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Bow Mounted Rangefinders Improve Archer Accuracy

Updated on January 29, 2013

The effects of gravity cause a hunter's arrow to fall as the range to the target increases. With the quick arrow velocity from hi-tech compound bows, arrows shot within 20 yards will typically see very little arrow drop.

Obtaining an accurate measurement of distance is so vital for longer shots, since an arrow will keep dropping at a faster pace as the distance extends. A hunter that incorrectly estimates the distance approximation by as little as 5 yards on a 40 yard distance could hurt a deer or over shoot it all together. Estimating distance accurately is by far the most significant variable for being successful in the hunt.

Know what your bow is capable of. Know how range will affect the flight of your arrow. Bow hunters will generally utilize sights with multiple pins. These pins are regularly adjusted for ranges of twenty, thirty, fourty, and fifty yards.

When your sight pins are correctly tuned for different ranges, it will be easy to get an idea of how a shot off the improper pin can lead you to blow your shooting opportunity. You can put a paper plate on to your target. This is about the size of the height of a whitetail deer's vitals. Range your target at 40 yards. Then place your 30 yard pin on the center of that target. Then look at your 40 yard pin. The 40 yard pin will probably not even be over that paper plate, and you can simply see how you will completely miss your shot. It is to be expected that you will be looking at best a clean miss, or at worst an injured deer.

Thinking back to all of the times where I have attempted shooting opportunities at deer within 25 yards, I have continually been successful. Missed shots or or badly placed arrows that resulted in an unsuccessful hunt all occurred on shots nearer to 30 yards and longer. I began experiencing a lack of confidence on shots between 30 and 40 yards. Shots past 40 yards were time and again not taken, in fear of just wounding the deer. I constantly shoot confidently on the range, where distance is measured. The approximation of distance in the treestand resulted in the uncertainty. I missed shots on a quantity of prime deer as a direct result of miscalculations in range estimation. This reduced my level of confidence for coming shots.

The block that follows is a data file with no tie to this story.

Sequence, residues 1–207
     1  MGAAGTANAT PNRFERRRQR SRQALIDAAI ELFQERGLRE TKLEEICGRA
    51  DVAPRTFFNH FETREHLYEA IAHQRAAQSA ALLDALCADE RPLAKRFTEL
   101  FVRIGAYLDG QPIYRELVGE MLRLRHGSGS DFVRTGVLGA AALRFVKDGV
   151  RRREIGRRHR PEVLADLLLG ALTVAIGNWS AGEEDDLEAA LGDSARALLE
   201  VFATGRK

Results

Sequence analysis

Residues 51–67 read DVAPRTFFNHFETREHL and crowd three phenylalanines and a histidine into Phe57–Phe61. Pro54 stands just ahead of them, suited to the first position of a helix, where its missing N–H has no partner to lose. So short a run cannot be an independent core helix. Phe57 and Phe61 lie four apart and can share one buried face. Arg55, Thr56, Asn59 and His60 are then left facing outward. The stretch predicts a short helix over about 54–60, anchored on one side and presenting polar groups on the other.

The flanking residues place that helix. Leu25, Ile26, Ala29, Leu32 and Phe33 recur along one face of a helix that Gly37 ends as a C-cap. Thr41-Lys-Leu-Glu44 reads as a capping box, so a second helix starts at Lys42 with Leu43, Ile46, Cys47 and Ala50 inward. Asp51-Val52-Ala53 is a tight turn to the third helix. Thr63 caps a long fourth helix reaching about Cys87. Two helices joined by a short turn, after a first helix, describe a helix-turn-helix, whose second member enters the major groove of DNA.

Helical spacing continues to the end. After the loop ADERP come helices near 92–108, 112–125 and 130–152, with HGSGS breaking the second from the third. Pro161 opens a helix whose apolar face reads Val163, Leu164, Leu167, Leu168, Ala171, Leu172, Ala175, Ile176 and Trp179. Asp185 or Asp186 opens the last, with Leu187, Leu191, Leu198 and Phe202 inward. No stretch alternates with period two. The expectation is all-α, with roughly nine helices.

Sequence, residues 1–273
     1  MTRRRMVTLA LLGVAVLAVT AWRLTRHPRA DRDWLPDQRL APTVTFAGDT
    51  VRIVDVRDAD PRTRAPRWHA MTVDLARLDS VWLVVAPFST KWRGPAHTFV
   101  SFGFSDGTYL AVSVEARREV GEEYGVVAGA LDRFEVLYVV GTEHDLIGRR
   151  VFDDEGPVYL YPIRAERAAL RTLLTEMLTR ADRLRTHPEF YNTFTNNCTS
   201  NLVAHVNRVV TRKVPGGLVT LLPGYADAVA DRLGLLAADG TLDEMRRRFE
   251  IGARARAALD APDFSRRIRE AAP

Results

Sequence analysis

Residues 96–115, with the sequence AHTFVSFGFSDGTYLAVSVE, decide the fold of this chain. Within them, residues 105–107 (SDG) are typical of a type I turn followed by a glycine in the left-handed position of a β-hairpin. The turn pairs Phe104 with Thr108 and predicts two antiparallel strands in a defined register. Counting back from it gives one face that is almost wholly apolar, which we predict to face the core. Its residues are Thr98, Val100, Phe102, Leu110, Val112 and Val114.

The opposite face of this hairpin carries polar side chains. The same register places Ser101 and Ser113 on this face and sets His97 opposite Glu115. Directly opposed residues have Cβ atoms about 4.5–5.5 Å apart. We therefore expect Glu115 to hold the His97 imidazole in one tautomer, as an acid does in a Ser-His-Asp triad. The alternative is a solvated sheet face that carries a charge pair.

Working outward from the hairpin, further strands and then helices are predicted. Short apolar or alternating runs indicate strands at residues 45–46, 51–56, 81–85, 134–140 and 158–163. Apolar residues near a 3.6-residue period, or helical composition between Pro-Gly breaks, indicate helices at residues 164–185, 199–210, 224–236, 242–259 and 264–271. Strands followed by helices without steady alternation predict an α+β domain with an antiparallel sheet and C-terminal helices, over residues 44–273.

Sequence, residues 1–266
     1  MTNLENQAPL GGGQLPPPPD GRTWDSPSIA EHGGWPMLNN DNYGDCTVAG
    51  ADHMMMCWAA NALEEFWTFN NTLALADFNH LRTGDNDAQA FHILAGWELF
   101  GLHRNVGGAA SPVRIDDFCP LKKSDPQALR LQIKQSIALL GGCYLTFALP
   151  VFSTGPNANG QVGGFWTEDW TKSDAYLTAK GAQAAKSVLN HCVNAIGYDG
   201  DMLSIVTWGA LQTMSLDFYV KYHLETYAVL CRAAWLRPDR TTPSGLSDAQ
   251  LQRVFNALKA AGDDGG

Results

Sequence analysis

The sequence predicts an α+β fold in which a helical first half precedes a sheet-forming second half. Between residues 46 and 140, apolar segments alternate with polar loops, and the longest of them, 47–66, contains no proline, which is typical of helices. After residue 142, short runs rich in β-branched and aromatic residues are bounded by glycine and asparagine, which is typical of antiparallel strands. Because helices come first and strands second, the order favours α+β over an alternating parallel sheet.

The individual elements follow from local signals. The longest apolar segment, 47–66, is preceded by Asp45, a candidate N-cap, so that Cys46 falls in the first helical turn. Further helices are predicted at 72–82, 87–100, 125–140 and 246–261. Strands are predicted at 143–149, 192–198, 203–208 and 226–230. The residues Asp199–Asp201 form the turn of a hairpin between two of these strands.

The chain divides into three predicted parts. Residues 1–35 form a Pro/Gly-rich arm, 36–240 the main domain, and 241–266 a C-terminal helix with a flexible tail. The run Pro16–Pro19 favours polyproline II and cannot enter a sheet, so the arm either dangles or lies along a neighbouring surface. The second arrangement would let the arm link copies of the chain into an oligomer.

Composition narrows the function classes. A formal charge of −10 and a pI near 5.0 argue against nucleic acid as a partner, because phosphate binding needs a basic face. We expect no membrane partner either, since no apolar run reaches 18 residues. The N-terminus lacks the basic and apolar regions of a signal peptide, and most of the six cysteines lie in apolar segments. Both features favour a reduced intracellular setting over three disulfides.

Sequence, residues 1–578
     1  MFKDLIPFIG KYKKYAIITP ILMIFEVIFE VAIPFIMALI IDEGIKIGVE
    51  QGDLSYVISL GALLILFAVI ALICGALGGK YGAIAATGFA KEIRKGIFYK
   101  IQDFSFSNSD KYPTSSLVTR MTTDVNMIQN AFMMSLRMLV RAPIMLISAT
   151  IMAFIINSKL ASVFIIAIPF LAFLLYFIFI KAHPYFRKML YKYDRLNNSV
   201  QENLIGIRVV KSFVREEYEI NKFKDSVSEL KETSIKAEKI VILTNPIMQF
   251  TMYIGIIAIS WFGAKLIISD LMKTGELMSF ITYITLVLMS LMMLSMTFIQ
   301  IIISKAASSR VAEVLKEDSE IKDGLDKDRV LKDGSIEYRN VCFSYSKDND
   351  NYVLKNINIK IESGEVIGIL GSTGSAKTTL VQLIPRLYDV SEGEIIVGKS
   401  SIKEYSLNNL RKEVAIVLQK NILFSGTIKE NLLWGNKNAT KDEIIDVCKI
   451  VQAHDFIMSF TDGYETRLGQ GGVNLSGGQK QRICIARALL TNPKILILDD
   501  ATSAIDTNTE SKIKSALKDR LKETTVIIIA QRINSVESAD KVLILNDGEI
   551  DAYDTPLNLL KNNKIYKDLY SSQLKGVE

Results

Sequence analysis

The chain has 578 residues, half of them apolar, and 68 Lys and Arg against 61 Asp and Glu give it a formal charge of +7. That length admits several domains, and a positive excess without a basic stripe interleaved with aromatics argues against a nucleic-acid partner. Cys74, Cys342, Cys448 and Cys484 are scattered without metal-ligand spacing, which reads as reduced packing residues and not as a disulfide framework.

When I began employing a hand held laser rangefinder, my confidence was regained since I had a good idea of the true distance to my target. Distance was frequently changing on walking deer. So I was never abundantly confident at the time I could engage the trigger on my release.

There are a few range finders that attach directly to your bow that can clear these issues. They are the electronic Leupold Vendetta and the non-electronic Dead-on rangefinder. As you release your arrow, you can be assured that you have a precise measurement of the range to your target.

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